Biathlon Tips and Tricks
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Biathlon Tips and Tricks

November 20, 2019


I think in all parts of biathlon, focus
is really important. So when you’re going hard, it takes a lot of focus to go hard when you’re skiing and to focus on technique, and then as I get closer to the shooting range, you know, as I’m getting ready to shoot, I will focus on a few different things. So one is how hard am I breathing? How does my body feel? I might go a little bit easier on the way into the range just to make sure that I have control over my breathing. I’m still gonna be breathing really hard, but I want it to not be totally out of control. Once I get into the range, it’s really trying just not to think about anyone else You know, so don’t think about how
you’ve done so far. Don’t think about what anyone else is doing. Just think about what do I need to do. So there’s my target and what do I need to do to just make sure that my body feels good, that I’m taking my best shot each time. When I was skiing, I was focusing on skiing. I was focusing on ski technique. And as I approached the range, only right as I got ready to the shooting mat, I’d be like, alright, it’s time to shoot. A good practice for biathlon is for each
athlete to develop a plan with a consistent procedure and rhythm that
they’re gonna follow as they shoot, regardless of whether the shot is a hit
or miss, they stick to that plan, and follow through the five shots. And taking a consistent number of
breaths in between each shot, and sticking to that number, and that will
keep the athlete from rushing a shot, or holding too long on a shot, both of which can cause misses. If you do miss, continue with your plan
taking a consistent number of breaths and moving to the next target. After the last shot, the athlete opens the bolt to make sure the rifles unloaded. You know, for me, I’ll have certain focuses, probably, usually it’ll be about my breathing or
my trigger squeeze–being really, really gentle on the trigger, and so I’ll kind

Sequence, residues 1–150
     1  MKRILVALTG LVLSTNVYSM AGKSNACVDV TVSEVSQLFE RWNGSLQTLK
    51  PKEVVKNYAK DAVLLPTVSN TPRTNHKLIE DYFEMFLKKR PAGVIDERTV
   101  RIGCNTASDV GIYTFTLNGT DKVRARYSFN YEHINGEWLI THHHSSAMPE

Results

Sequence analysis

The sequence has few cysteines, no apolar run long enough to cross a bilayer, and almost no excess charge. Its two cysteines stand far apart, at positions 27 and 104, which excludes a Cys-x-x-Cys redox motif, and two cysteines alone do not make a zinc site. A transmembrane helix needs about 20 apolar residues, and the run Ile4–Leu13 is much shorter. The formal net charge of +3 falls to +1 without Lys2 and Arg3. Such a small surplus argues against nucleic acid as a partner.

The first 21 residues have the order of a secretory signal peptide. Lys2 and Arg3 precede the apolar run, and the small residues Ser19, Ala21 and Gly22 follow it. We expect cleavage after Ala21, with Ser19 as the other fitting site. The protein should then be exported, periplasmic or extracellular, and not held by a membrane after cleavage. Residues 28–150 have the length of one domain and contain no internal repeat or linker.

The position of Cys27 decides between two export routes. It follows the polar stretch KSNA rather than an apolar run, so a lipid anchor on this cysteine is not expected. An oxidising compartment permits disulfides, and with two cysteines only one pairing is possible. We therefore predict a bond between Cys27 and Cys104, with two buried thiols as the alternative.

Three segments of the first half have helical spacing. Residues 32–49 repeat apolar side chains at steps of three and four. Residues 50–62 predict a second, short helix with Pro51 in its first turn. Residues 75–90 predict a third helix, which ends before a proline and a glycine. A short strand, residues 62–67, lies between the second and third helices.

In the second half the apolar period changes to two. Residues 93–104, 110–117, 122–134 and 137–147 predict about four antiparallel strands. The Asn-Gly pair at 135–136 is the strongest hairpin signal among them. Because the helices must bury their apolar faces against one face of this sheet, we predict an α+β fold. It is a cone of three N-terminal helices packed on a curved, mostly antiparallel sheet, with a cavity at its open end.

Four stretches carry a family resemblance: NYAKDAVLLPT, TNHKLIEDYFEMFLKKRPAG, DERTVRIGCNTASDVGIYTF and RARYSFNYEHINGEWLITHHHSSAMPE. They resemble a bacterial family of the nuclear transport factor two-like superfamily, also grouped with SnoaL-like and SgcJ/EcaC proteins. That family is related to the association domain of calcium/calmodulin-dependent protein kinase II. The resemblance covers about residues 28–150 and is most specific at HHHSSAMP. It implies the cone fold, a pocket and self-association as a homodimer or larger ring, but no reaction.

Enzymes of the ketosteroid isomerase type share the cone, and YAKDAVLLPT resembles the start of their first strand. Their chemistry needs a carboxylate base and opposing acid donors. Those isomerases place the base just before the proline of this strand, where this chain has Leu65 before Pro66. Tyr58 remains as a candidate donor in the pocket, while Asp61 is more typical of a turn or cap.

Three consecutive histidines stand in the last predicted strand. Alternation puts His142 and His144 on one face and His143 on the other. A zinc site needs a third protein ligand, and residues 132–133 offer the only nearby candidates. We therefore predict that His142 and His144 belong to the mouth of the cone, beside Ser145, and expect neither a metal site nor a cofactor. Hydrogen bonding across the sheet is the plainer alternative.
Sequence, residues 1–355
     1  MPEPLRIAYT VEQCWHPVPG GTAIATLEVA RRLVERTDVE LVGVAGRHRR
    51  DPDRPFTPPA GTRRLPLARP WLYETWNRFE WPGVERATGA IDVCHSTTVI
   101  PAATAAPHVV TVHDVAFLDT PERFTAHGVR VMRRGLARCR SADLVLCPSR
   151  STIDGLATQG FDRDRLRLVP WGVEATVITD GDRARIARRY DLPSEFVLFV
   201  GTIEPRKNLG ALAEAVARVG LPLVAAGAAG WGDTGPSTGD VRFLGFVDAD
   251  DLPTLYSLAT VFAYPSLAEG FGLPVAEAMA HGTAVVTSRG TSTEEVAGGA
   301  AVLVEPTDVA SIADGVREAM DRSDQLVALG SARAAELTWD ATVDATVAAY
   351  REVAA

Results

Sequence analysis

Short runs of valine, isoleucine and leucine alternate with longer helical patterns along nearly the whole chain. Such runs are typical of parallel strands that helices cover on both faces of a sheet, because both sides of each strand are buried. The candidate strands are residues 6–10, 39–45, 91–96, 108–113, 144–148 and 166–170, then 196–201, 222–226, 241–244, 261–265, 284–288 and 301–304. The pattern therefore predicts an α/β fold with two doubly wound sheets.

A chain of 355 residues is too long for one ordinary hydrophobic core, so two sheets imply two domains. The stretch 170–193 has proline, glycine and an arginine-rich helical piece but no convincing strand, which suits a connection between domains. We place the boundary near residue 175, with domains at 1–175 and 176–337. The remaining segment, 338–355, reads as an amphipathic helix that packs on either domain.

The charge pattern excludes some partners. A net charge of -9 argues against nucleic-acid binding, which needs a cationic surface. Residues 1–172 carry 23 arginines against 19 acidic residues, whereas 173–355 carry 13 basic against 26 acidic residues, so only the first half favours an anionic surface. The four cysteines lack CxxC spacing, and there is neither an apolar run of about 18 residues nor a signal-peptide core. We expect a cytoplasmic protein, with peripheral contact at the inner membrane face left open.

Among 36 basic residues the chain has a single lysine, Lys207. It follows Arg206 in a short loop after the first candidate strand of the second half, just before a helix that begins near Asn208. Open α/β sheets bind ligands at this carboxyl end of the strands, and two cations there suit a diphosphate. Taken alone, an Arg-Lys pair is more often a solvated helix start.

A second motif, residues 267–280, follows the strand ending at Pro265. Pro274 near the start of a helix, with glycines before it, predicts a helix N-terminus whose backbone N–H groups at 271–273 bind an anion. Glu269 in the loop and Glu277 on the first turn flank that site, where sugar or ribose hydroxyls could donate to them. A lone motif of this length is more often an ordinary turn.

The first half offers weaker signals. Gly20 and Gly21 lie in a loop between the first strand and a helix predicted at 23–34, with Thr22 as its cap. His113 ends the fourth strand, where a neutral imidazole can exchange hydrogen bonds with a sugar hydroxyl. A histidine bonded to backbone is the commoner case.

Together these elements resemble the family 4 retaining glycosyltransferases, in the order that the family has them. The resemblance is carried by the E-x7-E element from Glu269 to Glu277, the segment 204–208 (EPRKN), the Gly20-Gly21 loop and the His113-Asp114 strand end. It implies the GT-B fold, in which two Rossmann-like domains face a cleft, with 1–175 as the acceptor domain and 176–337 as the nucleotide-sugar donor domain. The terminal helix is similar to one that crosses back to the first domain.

of run through a few of those things in my head before I get into the range. It’s like the breathing becomes what defines the way that I’m shooting, and I when I’m in prone position, especially, I’m using my breathing essentially to get myself and on target. You can practice just anytime. It could be after a workout, when you’re like, right after you’ve just stressed yourself, or it can just be like, lying in bed. You could practice like, being aware of your breathing and visualize yourself, you know, taking one breath, two breaths, exhaling, stopping that exhale, and just say bang to yourself, and then repeat. Just sort of developing like a process and a plan, and following that plan, versus kind of winging it, and just sort of, going as hard as you can and then trying
to hit the targets. I would, I would urge people to not shoot
really slow and not shoot really fast, but to shoot with a good, with good
consistency and they’re gonna get the best of both worlds, because they’re
gonna hit–they’re gonna hit targets and they’re gonna get off the shooting range
and on to the next stage quickly. And I think that’s the problem with just rattling off your shots, and taking the penalty, is that it’s just you can hit some of those targets, shooting not a whole lot slower than as fast as you can, and you will, if you try.

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